So there will be no clouds for the EU recovery fund due to the still pending final decision of the German court. Except for its aggrandizement and desirable future qualitative leap, due to the insidious interference implied by its announcement that it will “review” whether the Own Resources Decision “could lead to permanent instruments that essentially entail the assumption of responsibilities as a result of decisions made by other States. ”. Just the permanent Treasury that will one day be needed to achieve fiscal union and be able to act like Joe Biden.
That surrender was followed almost immediately by another, on May 18, in a matter of concomitant interest. The German Constitutional Court closed the lawsuits (always far-right) against the Public Asset Purchase Program (PSPP), launched by Mario Draghi’s ECB in 2015 to end the Great Recession, and which under Christine Lagarde have been expanded through the Pandemic Crisis Program (PEEP).
After illegally challenging the EU Court of Justice – which holds true final jurisdiction in these cases – which had validated Draghi’s program in 2018, the German magistrates considered that it had been adopted without specifying the reasons for its “proportionality”. And on May 5, 2020, they forced the Bundesbank to stop its purchases of public bonds in three months if they were not documented within that period, simultaneously putting Parliament and the federal government and their European commitments in a loophole.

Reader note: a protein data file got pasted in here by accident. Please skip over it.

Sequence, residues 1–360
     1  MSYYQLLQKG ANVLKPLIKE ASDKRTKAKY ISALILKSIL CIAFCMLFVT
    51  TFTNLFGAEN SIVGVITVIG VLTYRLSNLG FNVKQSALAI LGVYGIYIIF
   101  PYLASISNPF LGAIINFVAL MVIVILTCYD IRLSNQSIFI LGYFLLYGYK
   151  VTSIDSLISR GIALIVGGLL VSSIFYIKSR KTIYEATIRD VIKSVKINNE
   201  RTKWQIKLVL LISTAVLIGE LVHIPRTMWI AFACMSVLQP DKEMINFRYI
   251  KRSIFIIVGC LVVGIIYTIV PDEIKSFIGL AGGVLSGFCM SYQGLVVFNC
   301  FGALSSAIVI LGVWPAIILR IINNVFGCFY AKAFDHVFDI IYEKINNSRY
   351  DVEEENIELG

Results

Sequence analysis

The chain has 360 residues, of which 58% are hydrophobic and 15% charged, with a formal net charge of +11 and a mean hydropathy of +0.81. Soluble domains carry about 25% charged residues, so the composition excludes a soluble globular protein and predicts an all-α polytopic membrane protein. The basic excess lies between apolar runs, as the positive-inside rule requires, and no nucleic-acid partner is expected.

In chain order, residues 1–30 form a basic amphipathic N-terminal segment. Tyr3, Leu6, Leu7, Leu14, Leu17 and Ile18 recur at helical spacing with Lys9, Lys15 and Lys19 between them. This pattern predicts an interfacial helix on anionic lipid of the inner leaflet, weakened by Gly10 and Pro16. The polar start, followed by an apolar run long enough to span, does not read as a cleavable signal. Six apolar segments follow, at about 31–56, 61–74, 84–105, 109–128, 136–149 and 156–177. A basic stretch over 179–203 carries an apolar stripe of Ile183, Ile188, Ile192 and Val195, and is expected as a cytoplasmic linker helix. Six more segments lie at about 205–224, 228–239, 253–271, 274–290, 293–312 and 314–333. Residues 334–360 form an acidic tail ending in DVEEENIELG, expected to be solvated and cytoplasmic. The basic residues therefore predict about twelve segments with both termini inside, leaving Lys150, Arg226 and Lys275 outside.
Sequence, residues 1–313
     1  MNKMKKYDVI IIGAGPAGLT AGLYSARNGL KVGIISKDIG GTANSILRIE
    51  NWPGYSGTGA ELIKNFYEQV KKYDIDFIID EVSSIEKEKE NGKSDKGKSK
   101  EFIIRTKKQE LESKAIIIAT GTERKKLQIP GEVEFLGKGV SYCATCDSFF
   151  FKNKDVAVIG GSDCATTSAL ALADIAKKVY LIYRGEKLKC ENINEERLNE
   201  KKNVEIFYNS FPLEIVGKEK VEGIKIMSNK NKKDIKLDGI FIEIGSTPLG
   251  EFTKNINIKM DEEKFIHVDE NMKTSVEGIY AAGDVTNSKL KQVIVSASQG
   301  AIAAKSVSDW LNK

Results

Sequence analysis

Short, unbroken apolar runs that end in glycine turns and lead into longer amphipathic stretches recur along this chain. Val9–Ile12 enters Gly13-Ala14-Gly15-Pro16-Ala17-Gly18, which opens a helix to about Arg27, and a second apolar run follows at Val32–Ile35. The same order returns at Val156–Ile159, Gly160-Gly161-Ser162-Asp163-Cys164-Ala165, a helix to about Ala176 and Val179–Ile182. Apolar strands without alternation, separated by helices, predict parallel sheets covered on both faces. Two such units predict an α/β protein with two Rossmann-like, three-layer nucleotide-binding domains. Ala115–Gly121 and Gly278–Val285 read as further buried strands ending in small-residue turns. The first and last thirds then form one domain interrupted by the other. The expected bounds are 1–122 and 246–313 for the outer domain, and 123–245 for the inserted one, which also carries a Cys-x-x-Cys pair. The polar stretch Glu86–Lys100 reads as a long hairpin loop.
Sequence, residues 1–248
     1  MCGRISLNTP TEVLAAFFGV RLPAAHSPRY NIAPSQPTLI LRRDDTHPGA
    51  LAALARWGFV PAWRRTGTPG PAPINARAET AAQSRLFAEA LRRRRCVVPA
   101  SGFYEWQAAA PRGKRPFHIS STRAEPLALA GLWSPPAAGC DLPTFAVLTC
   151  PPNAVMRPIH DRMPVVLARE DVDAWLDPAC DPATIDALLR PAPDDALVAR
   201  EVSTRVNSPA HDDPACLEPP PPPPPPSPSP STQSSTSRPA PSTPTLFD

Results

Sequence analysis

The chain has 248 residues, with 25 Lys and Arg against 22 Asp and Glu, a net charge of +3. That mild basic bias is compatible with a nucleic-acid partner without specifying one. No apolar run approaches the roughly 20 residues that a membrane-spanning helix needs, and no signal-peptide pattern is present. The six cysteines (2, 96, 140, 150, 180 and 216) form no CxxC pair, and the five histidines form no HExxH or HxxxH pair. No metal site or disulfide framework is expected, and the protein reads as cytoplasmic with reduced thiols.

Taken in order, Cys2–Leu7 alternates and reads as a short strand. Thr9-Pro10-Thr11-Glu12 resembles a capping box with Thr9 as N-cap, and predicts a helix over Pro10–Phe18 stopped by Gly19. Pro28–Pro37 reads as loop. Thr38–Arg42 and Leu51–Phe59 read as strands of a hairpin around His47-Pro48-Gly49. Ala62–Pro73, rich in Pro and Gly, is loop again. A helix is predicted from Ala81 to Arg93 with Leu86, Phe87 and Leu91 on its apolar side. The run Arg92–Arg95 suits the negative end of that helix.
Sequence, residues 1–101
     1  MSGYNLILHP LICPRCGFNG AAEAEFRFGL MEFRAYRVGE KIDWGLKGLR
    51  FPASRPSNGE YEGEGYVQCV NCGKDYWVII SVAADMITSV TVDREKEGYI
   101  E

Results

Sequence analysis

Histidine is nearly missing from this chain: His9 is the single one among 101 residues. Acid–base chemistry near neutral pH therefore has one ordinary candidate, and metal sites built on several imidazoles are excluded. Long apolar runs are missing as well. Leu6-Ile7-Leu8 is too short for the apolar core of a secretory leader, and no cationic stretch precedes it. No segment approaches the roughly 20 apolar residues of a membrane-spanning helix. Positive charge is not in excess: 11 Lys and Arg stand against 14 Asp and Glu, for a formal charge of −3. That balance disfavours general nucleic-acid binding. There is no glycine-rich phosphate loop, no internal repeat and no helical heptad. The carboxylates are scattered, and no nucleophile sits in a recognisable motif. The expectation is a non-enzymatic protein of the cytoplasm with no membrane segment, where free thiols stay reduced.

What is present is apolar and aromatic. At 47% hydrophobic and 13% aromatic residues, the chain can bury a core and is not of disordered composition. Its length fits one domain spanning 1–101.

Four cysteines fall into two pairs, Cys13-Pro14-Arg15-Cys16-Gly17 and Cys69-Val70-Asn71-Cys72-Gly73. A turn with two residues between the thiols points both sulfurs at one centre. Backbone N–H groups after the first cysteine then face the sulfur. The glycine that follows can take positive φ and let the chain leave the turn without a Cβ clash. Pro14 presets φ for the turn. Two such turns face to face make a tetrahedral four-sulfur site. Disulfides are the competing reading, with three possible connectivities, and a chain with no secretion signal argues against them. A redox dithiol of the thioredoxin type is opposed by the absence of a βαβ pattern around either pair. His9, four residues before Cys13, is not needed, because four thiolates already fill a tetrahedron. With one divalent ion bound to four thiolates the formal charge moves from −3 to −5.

In their recent ruling, they rewind and satisfied their claims to explain this “proportionality”, thus backing off their strategy of demolishing the expansive monetary policies in Frankfurt that have saved the euro zone.
But they do it with insurmountable cynicism. They try to save their mistake by pretending that it is the ECB who rectified their lack of proportionality in the PSPP: evaluating their cost-benefit ratio, discussing other options, interactions with fiscal policy and analyzing the possible negative effects … alluding to the fact that he did so after his ultimatum of May 5. It indicates that it did so at the Governing Council on June 3 and 4, whose long minutes account for an in-depth discussion on all of this; and that he sent through the Bundesbank “classified documents” to the German Parliament.